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Live Your Truth. Shout Your Kindness.

In a profile for the New Yorker last fall, writer Jeffrey Toobin described a 2014 confrontation in the checkout line at Home Depot between former Massachusetts Governor Deval Patrick ’74 and a man, angered by a policy decision, who began shouting at the then governor. It was a story about the nature of criticism and praise.

Everyone nearby could hear the man’s loud and aggressive assertions, but few heard the whispers of support and kindness from six other people who approached Deval in the store. “Something is so wrong when we learn to shout our anger and whisper our kindness,” he told Toobin. “We have got to learn to stop being ashamed of being kind.”

Experience has taught me that it is always wise to read both the Milton Paper and the Milton Measure, especially before Parents’ Weekend. This year, I was moved to tears by the Milton Paper editorial about a survey that asked students what they’d most like to say to their parents. That question might strike fear in the hearts of many parents—or of faculty and administrators. Much to my delight, and I suspect to parents’ as well, the number-one answer was “I love you!” I don’t know whether I was moved more by the students’ expression of love for their parents, or by the publication of the article when positive stories are so hard to come by—in any medium. But I know we need more of this.

Too often, we are inclined to shout our criticisms and whisper our praise. As news consumers, we find it easy to home in on the bad—there’s plenty of it, bursting out of our devices, streaming through social media feeds. But for our own well-being and that of others, seeking and acknowledging the good in the world is essential. On “Mr. Rogers’ Neighborhood,” the late Fred Rogers, the subject of a 2018 documentary, reminded children, “When I was a boy and would see scary things in the news, my mother would say, ‘Look for the helpers. You will always find people who are helping.’” Even in challenging times, having the courage to share the kindness around us is important. Further, we must be the “helpers,” who help meet the challenges that arise.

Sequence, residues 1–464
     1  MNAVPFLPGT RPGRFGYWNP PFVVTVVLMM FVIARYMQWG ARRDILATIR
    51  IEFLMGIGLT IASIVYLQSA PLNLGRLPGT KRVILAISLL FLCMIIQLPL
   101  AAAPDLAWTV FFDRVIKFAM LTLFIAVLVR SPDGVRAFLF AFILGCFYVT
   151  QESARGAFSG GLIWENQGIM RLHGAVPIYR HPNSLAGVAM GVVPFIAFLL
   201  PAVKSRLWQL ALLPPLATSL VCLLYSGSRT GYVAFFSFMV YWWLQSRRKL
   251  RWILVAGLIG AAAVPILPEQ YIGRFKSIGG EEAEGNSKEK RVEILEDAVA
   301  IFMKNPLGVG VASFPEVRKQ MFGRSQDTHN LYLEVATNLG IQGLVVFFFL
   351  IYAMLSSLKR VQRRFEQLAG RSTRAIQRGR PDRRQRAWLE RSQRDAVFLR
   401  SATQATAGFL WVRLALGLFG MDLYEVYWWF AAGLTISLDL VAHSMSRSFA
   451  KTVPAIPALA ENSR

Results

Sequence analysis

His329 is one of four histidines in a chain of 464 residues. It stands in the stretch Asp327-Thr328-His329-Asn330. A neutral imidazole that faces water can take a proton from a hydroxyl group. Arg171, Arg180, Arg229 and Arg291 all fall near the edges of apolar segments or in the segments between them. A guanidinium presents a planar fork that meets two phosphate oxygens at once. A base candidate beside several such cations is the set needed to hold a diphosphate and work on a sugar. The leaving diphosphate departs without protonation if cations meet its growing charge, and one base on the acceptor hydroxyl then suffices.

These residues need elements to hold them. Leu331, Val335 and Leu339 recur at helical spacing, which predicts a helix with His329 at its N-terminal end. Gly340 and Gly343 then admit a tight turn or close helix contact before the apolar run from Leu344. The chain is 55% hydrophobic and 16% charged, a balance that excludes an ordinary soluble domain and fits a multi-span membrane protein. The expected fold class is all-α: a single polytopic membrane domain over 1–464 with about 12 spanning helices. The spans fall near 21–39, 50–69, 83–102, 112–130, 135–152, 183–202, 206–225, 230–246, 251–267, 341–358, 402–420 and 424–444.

Milton helps young people understand the importance of self-expression, whether through writing, innovation, public speaking, art, performance, research, or mathematical and scientific exploration. Milton voices have always expressed themselves with power and quality, beginning with student activities and continuing through the strong work of alumni who are featured in Milton Magazine over time. Collectively, they call on us to seek and declare truth in our lives and in our communities, to dare to be true.

Five years ago at Convocation, I raised the importance of daring to be true with love. That all our efforts to live by our school’s motto are for naught if they are not built upon a foundation of kindness. This message is essential and timeless, I believe, and has more urgency now than ever before, as tension among people seems to near its boiling point. We should all contribute to a world with positivity.

Recognizing and confronting violence, injustice, oppression, inequality and hate in our society is vital. Milton graduates must continue to name the injustices and the evils of the world and to right those wrongs wherever they are. Balancing that call-out with the power that comes from love and kindness is equally important. We must declare our support for and acknowledge the kindness and goodwill that we humans show to one another. I hope that Milton continues to prepare students for a global society, helping them gain the tools necessary to succeed and the courage to declare their truths, guided by love. Let’s not be ashamed to be kind.

WHY WE NEED JOURNALISTS

Publishing stories: researching, interviewing, analyzing, reporting and responding—is challenging and in some cases, dangerous. Has the profession been affected by the wave of invectives, the efforts to sow mistrust, the drive to discredit journalists’ work? What seems difficult and what is rewarding about reporting on the world? Journalists are critical agents in helping us develop the awareness and the acuity to understand our world and to inform our choices.